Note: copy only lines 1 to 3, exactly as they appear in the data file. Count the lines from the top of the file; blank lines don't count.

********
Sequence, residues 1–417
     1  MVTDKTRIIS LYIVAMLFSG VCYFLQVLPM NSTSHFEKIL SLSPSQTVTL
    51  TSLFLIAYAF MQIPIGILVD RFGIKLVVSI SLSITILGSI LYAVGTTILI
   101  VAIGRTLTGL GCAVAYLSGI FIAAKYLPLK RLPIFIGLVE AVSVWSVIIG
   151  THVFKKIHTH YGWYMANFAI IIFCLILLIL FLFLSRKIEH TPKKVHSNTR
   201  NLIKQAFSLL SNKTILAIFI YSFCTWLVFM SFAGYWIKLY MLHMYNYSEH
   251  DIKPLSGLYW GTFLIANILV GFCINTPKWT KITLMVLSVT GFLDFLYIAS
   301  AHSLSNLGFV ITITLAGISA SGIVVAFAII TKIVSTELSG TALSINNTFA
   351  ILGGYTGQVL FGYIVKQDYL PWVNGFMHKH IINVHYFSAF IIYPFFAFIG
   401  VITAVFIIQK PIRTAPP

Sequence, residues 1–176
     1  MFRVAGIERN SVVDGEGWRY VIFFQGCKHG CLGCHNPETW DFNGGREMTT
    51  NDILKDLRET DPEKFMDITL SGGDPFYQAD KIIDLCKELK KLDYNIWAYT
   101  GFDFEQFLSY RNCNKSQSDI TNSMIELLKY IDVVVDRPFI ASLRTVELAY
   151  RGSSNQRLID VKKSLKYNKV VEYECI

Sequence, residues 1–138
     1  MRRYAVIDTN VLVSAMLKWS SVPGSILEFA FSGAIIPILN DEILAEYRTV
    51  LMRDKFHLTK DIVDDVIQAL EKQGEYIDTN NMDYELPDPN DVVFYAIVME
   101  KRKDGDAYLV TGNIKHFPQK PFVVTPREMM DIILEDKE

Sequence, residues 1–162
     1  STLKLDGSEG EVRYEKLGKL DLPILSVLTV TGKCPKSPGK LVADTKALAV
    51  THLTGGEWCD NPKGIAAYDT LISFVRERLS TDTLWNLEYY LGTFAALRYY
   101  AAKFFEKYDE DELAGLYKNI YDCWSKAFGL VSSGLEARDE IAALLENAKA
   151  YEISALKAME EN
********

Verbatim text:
Sequence, residues 1–417
     1  MVTDKTRIIS LYIVAMLFSG VCYFLQVLPM NSTSHFEKIL SLSPSQTVTL
    51  TSLFLIAYAF MQIPIGILVD RFGIKLVVSI SLSITILGSI LYAVGTTILI